‘Your shirt’s on inside out,’ I had said.

She had looked down.

‘I put it on like this. Don’t you notice anything? Are you a zombie?’

I had wanted to turn her into a zombie, half-way at the very least. I’m not a zombie.

‘The aliens?’ I ask her. ‘Are they inside the spaceship?’

My wife looks at me and laughs. I have not seen her laugh all week. I’ve seen disdain, weariness, and shards of hate but not laughter.

‘The aliens?’

‘Yeah. That guy. Where is he?’ I ask again.

‘Holcombe beach,’ she repeats. ‘A spaceship. As if. On a beach in Norfolk. How could we not see it coming? They’re here! They’re here! Maybe

 they’re body snatchers! They’ve come to take us! Come to take over our lives. Indoctrinate us with their alien ways.’

‘There’s lots of things we don’t see coming. Can we talk later?’ I say.

‘I’m going out tonight. Work … drinks … I won’t be late. It’s a leaving party.’

‘Who’s leaving. Where are you going? Is Mod Boy going?’

‘I don’t know. What do you want to talk about?’ Her tone is pitched to let me know that she knows exactly what it is that I want talk about (it is the only thing I want to talk about) and that she is already drained at the very thought of it.

‘Us,’ I say.

‘Us? Ugh.’ Her smile is gone. But I need to talk. I’m needy, that was another thing. ‘You’re too needy’.

But I need to get an answer. If she tells me she is not having an affair, not fucking this young guy, then I will keep on asking because I will not believe anything she says until she tells me that she is doing all these things.

‘I’ll go and look at the spaceship then, if you’re out.’

‘At night?’

‘I’ve got all day.’

‘You could look for a job instead. You’re more likely to find one of those.

 Maybe you could blame that on the aliens. The spacemen took my job.’

Six weeks ago, I was made redundant from a job I did not like but I like not working. I got a small pay off that is getting smaller. This worries her.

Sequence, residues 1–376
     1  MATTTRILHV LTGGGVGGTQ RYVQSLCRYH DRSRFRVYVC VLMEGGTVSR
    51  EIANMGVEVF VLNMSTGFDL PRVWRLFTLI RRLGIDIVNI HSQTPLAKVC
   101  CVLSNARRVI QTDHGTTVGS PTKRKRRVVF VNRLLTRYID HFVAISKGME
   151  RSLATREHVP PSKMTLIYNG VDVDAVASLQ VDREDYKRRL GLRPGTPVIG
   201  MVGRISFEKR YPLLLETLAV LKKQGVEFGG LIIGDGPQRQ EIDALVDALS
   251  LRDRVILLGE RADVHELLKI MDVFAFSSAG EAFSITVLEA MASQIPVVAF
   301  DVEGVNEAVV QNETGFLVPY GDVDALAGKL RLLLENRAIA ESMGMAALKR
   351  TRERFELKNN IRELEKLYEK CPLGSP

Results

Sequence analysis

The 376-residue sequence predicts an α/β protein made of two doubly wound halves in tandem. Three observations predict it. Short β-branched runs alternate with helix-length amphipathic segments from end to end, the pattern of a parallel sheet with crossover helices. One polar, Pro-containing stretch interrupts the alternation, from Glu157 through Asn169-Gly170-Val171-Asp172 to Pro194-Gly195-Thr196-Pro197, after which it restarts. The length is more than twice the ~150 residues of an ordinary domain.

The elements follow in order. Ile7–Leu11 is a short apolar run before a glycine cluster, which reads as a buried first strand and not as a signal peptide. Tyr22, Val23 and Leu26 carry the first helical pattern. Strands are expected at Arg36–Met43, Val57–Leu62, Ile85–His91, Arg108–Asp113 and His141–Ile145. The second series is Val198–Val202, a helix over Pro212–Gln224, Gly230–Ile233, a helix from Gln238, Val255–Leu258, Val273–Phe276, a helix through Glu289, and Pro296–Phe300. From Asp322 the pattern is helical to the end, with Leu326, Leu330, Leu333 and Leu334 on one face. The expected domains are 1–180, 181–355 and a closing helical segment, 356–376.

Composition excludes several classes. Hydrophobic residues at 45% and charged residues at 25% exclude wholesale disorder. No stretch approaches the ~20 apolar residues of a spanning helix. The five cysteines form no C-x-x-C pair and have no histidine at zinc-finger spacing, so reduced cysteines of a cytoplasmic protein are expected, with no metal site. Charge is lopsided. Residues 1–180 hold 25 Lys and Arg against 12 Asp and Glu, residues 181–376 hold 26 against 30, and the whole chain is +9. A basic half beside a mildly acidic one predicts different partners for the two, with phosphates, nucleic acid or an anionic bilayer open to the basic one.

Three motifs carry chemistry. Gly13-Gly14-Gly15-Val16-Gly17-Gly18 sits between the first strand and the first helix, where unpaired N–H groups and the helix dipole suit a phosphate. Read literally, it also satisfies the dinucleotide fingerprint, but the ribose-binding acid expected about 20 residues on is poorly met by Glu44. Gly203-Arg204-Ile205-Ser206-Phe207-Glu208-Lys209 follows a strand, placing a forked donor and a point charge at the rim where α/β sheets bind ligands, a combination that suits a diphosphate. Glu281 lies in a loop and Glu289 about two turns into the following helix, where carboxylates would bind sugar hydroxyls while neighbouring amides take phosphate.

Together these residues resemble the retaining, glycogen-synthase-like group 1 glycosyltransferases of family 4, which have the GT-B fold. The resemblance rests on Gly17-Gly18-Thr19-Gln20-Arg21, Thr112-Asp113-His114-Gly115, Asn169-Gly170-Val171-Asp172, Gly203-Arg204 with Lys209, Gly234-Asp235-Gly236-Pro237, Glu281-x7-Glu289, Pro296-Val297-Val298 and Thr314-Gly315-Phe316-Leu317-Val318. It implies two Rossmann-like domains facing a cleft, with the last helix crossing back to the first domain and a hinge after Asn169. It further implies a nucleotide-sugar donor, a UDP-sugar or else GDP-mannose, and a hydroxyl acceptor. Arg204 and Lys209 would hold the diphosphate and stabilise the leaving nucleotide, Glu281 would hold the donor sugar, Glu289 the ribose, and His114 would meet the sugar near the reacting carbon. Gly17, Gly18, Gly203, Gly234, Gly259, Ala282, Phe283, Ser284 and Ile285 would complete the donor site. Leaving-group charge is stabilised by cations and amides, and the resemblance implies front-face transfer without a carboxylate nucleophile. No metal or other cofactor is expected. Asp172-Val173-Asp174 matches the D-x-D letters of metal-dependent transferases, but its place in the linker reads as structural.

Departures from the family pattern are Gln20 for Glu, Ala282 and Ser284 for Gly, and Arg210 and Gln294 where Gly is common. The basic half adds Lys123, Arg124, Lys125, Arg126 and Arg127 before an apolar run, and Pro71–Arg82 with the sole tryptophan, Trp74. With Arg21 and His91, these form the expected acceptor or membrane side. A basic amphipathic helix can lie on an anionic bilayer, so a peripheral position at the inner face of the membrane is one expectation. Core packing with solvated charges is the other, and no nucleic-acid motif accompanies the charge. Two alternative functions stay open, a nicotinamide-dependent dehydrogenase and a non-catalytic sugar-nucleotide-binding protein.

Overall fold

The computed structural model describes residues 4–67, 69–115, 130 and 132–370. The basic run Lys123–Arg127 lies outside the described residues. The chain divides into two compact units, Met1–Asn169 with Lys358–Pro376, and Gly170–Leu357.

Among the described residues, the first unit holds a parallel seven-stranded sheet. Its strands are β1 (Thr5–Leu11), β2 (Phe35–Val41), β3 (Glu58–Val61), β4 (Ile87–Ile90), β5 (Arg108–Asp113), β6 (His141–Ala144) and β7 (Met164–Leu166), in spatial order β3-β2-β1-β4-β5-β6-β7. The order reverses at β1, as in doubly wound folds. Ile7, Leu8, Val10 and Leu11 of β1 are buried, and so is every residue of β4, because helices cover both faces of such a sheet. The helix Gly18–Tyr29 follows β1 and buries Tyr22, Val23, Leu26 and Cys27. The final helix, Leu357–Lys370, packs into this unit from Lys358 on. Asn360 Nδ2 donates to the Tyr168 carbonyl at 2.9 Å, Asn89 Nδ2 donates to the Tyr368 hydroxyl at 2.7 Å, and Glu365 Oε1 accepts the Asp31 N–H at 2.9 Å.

‘I will. But I want to see what this is all about.’

‘Like most things, it’s about nothing. Well then. Have fun,’ she says. ‘You’ll be on a beach with a bunch of other losers. There’s no spaceship. It’s a joke. Disc-jockeys are always pulling this kind of shit. Last year, they said Morrissey was dead because he’d been seen in Sheringham. If I were you I’d check the news, ask the police. Otherwise you’ll drive all that way and waste petrol as well as your time, both of which cost money.’

‘We are not alone,’ I say. ‘There has to be more life out there.’

‘I’d like there to be more life in here, in this house, in our bedroom. Wouldn’t you?’ She says and then she walks into the bathroom and locks the door. I look in her handbag, but her phone is not there, and I know that she has it with her and I wonder, what kind of person takes their phone to the bathroom with them but of course I already know.

I get to the beach late in the morning. By now it has been fenced off and there are some official types milling about and some men in military uniform, an army of some kind, men who you know what to do in any given circumstance. Men who always know where the exits are. I am not like these men, but there are also a lot of ordinary people, people like me. Some of the people have come to worship and prostrate themselves before this magnificent machine. These are peaceful, loving, earnest people in loose clothes and they will not be moved from this miracle by anybody or anything. They have formed a startling wall of flowing cotton and are waiting for a sign. Other people have come to look, to take photos of the machine using it as a backdrop to their own self-important self-portraits. And there are others who have come to protest and send the visitors back to where they came from, wherever that is. There is also a camera crew who appear to be setting up a series of shots while people mill about, wondering –

“Where have they come from? What do they want?”